Craft Fair

Well I’ve finally done it. I’ve been toying with the idea of having a stall at a craft fair, but have held back because I didn’t know if I could manage it.

Firstly, I suffer from an anxiety disorder that makes it very difficult for me to cope in crowds of people. Secondly, I don’t always have a lot of confidence in myself and my abilities, which is why for years I have made things and given them away. It is only in the last few months that I have been persuaded by my family and friends to sell my crafts, something I still feel uncomfortable doing. Like numerous people who lack confidence in themselves, I tell myself if I give things away they’re gifts and people would be too polite tell me if they think they are rubbish.  Human beings can be complex and strange creatures.

image

So, I am stepping onto a completely new road, without a map or clear vision as to where I am going. I have no idea where it will lead to but I am taking those first tiny steps with a sense of adventure and I must admit, trepidation as I start off  in a completely new direction.

I have been telling myself for weeks, it doesn’t matter if all this comes to nothing; I am thoroughly enjoying making and creating and if nobody wants what I make, there are plenty of charities that would be able to use them.  So, whatever happens  there will be no losers but plenty of winners.

I  am cheating a little though.  I don’t feel confident enough to take part in the actual fair so I have delegated the selling role to members of my family who are quite enthusiastic about my new venture.

For  this to be a positive experience, I have been thinking seriously about what the outcome of having a stall might be.

  • All of my things will sell like hotcakes, but then I’d have nothing left and I will have to start building up my little stock again
  • some of my things sell, so I’d have enough to do another fair  in a month or so
  • selling something would give me some idea of what people want to buy
  • Or
  • I don’t sell anything, because it’s not good and nobody wants it

It can be very difficult to switch off the negativity  and see the good in what I am doing  but I am trying and whatever happens at the fair, I’m sure it will be a good experience for us all.

Advertisements

Busy books

Finished a few more busy books this weekend.

A tiny town with vehicles and garage.  A pocket on the back to store vehicles.
Materials: cotton fabric, felt,
Promotes: hand/eye coordination, imaginative play, colour recognition, language and social development.

imageimageimage

A fastening book, shapes with buttons and
corresponding shadows. Has a pocket on the back to store shapes when not in use.
Materials: cotton fabric, felt, buttons.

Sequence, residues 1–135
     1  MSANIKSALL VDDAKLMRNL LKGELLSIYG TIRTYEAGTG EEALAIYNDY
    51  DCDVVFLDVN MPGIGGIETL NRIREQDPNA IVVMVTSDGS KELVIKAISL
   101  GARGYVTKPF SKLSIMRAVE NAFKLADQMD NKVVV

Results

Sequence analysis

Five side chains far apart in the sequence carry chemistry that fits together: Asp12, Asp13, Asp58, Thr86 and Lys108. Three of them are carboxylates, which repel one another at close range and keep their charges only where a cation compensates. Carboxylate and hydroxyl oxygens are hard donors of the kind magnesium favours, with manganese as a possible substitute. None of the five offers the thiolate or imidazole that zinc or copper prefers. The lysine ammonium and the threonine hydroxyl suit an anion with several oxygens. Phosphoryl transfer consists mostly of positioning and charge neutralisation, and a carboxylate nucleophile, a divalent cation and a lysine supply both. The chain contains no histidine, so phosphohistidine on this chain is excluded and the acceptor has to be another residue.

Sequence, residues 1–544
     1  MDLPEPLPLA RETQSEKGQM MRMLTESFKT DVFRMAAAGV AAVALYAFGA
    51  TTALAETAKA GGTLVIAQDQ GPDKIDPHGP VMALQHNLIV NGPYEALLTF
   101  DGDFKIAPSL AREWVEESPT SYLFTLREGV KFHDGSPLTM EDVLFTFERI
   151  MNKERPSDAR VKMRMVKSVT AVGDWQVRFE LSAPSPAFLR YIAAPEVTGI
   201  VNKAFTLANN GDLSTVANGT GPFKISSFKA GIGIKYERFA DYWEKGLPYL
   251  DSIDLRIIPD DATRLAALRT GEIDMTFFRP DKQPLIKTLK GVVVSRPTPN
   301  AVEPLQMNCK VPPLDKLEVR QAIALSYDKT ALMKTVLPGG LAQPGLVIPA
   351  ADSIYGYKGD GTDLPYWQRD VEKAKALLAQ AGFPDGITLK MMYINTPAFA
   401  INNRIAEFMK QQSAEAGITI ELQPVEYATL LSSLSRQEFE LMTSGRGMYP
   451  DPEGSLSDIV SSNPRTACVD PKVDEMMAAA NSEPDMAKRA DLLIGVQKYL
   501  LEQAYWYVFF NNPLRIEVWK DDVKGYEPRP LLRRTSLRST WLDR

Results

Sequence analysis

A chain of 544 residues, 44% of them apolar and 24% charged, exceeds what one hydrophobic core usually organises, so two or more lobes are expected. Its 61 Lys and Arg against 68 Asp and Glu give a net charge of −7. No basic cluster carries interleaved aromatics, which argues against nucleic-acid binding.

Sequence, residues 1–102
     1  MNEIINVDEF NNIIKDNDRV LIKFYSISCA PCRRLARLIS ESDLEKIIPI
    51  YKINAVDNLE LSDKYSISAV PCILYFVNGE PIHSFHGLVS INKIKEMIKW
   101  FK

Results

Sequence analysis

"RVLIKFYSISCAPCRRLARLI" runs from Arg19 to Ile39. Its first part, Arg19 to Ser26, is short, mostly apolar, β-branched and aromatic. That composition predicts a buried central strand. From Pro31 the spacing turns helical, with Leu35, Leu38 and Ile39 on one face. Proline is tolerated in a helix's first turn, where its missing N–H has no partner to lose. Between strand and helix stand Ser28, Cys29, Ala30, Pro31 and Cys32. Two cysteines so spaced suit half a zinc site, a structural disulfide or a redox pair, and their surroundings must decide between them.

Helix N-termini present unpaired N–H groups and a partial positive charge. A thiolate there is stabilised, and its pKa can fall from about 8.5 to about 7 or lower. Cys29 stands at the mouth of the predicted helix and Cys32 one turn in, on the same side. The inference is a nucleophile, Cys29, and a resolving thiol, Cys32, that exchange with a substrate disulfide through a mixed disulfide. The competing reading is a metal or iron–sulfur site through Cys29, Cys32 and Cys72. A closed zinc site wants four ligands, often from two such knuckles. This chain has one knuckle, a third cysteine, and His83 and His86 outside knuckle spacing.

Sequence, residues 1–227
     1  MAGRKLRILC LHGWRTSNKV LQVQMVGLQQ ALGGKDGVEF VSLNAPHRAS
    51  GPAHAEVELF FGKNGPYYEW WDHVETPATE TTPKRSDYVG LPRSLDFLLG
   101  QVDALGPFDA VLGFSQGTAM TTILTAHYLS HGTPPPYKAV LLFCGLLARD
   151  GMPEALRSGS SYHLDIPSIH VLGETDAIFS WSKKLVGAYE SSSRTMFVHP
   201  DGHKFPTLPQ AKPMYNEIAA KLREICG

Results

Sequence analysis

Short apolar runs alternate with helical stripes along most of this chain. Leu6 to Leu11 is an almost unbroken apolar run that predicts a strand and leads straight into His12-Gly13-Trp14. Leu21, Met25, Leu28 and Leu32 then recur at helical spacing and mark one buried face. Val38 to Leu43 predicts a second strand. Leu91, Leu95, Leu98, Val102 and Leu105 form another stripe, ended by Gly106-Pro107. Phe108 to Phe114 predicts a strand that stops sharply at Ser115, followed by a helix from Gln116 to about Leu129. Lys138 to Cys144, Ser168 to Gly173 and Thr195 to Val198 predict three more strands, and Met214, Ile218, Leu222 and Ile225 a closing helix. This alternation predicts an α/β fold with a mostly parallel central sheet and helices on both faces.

Promotes: colour and shape recognition and matching, fine motor skills, language development.
image
image

Fishing book.
A little fisherman sitting in his boat catching numbered fish with his magnetic fishing rod. The boat is fastened with Velcro which can be stored behind the waves with the fish.
Materials: cotton fabric, felt, wooden dowelling, wooden bead, Velcro, foam, metal paper clips, knitted fabric, ribbon, metal magnet
Promotes: hand/eye coordination, fine motor skills, colour recognition, language development, imaginative play,
imageimage

A puzzle book.
Four different 4 piece puzzles. The puzzle pieces are stored in two small pockets on one side of the book. The opposite page has a grid where the puzzles can be pieced back together. The puzzle pieces show a circle, square, triangle and star shape
Material, felt, cotton fabric, satin ribbon, colour recognition, shape development, thinking skills.
image
image
image

Aide-memoire

It’s been a busy week and after a very long lie- in this morning, a very quiet day. A couple of days ago , I started cutting and sewing together a patchwork quilt. It’s going to be a predominately teal coloured king size quilt that someone has ordered.

image

I love this colour so it’s a joy for me to work on. I don’t know the name of the patchwork design that I’m doing.  I saw it on the internet one day, loved it, and copied it. This will be the third quilt I’ve made in this pattern so it should be easy peasey as my granny used to say. Unfortunately, I have the worst memory in the world so I’ll be consulting my little notebook to remind me what to do. I write down everything I make because I don’t have patterns, I make things  as I need them. I keep a written record of the materials I use for when I want to make another and a photographic record to help my memory along. It’s an aid-memoirs that has never let me down yet.

cropped-image21-e1392478486963.jpg
 

Crafting

It’s half term, and we’ve had two of our grandson staying with us while their mum is working. They’ve been busy all week. They’ve had some time playing on the iPad and laptop, like lots of children these days, but spent even more time just playing. They’ve had cars and building equipment scattered far and wide across our rooms and crafty bits littering the table and floor. My dining room table and the chair by the French doors became a castle and a robber’s hideout and the dining rooms chairs turned into get away cars. A couple of sets of ear plugs would have been a good idea at times.

This morning we needed to refill the cupboards, young boys have voracious appetites, so a trip to the supermarket was on the cards.  Fourteen year old lads and grocery shopping are usually worlds apart, so I was pleasantly surprised when what started out as a chore for my grandson Cam, quickly changed into a pleasure.